Pride – a permanent feature in the Worry Barometer survey – is often done an injustice. It is, by itself, a noble emotion, not at all blind to weaknesses. However, the term is frequently used incorrectly. Strictly speaking, pride can only be ascribed to one’s own merits or the merits of an associated person, provided there is some degree of involvement in said merits or accomplishments. In contrast, pride in a state of affairs to which one has not contributed is not pride, but arrogance.

Any form of national pride is therefore not true pride, but rather chauvinism – at least in most cases, since only very few people in this day and age can claim to have decisively helped to shape the country they live in. Being born in Switzerland should not fill one with pride, but rather gratitude. It is also mistaken to take pride in the unique characteristics of Switzerland, which are supposedly responsible, in large part, for the success of our country. These include its firmly rooted federalism, direct democracy, the militia system and citizen involvement in Swiss politics.

The Luxury Problem: Density Stress

The problem with this misunderstood pride is that it tends to mystify the status quo and in so doing makes it harder to make sober assessments. Over the last few years, Switzerland has done very well with its political institutions. The economic crisis that shook many European countries to their foundations had little impact on Switzerland, though it is experiencing the luxury problem of heavy immigration and professed density stress. It makes sense to see our institutions as the cause of this success. However, it would be wrong to celebrate these institutions in their current, unchanged form as a guarantor of continued success. After all, at the end of the 1990s certain voices named precisely these institutions as the possible culprits for the economic downturn at that time.

Admittedly, two very important reforms, the Internal Market Act (1996) and the Financial Equalization Reform NFA (2008), have been implemented since then. But the challenges have not become fewer:

Switzerland is still organized on a very small scale. 8.1 million inhabitants are distributed over 26 cantons and 2,350 municipalities. Competencies are therefore being increasingly shifted away from local or municipal governments to the cantons, and from the cantons to the federal government, making a mockery of the advantages that one would expect from a small-scale approach – including, first and foremost, decentralized decision-making.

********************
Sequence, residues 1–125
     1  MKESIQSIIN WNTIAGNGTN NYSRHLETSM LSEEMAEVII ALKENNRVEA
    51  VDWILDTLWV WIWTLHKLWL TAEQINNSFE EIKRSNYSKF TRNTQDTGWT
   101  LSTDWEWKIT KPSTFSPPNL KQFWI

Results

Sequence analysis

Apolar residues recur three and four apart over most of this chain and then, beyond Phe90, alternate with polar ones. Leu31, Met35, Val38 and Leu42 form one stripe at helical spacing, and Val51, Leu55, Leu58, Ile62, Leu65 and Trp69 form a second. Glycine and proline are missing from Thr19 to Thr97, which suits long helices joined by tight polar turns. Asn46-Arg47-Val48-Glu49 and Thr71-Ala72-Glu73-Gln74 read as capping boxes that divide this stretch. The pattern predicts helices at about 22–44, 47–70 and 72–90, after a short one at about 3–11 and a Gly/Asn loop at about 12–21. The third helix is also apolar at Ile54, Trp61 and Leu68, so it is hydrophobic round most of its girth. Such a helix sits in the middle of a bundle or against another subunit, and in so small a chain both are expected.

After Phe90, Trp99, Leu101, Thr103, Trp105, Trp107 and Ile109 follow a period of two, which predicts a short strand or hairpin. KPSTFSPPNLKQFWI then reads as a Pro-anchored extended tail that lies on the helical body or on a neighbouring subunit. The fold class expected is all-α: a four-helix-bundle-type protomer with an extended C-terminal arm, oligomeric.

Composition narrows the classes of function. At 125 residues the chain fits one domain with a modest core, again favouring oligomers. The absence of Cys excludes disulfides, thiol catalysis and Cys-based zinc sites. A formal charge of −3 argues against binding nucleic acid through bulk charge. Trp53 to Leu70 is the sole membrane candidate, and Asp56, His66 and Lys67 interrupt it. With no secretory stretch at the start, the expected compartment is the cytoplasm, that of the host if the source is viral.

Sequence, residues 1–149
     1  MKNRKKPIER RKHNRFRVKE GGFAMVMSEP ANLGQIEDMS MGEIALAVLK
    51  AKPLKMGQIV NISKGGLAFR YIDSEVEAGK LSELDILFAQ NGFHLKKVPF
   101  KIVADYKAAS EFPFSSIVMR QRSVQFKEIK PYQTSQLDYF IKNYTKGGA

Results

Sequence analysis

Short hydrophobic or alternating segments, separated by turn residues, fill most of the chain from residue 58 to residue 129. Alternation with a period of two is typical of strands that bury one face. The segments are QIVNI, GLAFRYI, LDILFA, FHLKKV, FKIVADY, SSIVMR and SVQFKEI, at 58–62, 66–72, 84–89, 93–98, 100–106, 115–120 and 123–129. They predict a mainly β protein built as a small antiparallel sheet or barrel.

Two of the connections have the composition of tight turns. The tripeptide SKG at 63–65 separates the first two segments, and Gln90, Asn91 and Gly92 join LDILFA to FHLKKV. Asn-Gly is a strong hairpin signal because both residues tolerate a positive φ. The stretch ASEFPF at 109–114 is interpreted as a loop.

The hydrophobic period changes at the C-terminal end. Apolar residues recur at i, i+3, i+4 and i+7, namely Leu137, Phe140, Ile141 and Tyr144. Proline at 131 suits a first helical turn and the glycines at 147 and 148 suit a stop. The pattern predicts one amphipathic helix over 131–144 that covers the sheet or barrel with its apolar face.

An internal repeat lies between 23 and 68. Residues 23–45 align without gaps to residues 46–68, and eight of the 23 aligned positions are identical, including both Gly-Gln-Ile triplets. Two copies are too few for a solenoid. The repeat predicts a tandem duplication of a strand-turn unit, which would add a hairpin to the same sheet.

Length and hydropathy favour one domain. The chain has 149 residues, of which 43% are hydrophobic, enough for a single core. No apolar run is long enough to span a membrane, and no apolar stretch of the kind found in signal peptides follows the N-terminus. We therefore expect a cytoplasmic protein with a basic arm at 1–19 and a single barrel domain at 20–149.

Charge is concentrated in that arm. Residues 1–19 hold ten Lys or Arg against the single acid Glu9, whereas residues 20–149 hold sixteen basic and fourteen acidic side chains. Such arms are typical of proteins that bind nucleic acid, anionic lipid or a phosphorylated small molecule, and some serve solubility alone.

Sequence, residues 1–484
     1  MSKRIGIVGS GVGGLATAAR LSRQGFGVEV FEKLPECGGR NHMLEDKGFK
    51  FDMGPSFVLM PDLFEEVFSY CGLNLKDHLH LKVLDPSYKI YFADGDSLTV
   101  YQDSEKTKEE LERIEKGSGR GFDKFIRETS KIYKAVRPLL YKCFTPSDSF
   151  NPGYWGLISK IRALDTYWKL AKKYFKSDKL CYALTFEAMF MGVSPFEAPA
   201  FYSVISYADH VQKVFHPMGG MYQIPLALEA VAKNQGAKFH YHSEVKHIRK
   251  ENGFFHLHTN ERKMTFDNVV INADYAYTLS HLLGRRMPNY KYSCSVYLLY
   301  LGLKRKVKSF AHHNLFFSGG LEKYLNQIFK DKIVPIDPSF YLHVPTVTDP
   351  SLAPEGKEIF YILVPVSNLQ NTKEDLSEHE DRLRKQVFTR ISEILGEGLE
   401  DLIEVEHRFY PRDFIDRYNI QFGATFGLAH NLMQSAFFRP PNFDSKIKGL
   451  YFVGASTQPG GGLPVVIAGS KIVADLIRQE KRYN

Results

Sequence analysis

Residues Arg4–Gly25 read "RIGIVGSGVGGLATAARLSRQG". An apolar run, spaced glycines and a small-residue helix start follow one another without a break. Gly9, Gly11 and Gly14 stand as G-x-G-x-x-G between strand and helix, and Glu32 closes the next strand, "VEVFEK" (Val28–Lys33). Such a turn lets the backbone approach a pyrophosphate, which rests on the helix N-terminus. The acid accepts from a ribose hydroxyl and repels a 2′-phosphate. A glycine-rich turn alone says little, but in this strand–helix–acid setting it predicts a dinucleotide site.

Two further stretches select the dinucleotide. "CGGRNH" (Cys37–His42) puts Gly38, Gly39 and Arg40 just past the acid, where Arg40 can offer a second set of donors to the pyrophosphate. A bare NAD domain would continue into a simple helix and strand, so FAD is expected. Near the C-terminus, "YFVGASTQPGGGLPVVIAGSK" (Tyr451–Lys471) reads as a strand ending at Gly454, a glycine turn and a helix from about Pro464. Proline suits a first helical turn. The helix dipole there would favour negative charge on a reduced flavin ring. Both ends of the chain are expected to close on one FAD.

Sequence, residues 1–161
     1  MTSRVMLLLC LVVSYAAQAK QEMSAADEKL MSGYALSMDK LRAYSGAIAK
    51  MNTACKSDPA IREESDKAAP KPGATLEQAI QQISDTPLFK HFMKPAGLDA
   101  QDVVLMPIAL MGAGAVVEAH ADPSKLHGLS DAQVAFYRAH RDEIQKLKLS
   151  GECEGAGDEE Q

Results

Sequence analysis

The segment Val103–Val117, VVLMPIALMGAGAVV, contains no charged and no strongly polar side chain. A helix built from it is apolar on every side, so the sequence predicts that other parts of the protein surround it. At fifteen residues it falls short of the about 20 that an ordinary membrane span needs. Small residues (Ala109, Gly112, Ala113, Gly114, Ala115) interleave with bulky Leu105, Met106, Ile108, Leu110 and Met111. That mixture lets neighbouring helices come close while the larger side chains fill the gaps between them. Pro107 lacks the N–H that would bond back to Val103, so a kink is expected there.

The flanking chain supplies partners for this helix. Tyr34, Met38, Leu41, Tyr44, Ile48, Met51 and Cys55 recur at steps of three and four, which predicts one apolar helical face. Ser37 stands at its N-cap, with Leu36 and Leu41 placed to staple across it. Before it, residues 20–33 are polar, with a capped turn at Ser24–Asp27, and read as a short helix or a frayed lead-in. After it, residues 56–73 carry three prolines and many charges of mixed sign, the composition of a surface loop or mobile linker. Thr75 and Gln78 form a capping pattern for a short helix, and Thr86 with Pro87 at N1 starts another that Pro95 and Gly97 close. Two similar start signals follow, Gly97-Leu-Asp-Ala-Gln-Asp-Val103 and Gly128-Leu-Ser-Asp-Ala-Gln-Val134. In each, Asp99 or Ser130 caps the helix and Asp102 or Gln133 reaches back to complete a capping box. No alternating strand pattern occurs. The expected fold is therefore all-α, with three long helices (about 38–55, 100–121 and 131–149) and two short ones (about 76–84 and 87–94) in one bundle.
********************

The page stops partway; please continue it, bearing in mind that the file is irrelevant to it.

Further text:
Most political offices in Switzerland, especially at the municipal or cantonal level, are filled on a part-time basis. Its much-lauded militia system is under pressure due to social changes (increased mobility, challenging career paths, increasingly complex assignments and duties).

Direct democracy is stretched thin because the hurdles to obtaining the signatures required to submit initiatives and referendums have fallen dramatically. Increasing international interconnectedness begs the question of how to deal with the relationship between domestic and international law. Initiatives no longer represent a necessary counterforce to the parliamentary process, but rather degenerate into popular absolutism, which often breaches the principle of a reasonable exercise of power and thereby restricts the freedom of individuals more than is necessary for achieving common goals.

Switzerland’s autonomy – to the extent this can also be seen as a political institution – is to be welcomed and defended without restraint. However, it must be clear that autonomy is not synonymous with isolation or a lack of willingness to work together, but rather with sovereignty.

For all the gratification we may take in the past successes of Switzerland’s political institutions, it is necessary to maintain a pragmatic relationship with them. False pride makes us blind and unable to make necessary adjustments. We should be happy that we were born into a country with such a high standard of living, and do everything we can to make sure that this standard is maintained in the future.

The article appeared in the publication «Swiss Compass» on December 2014.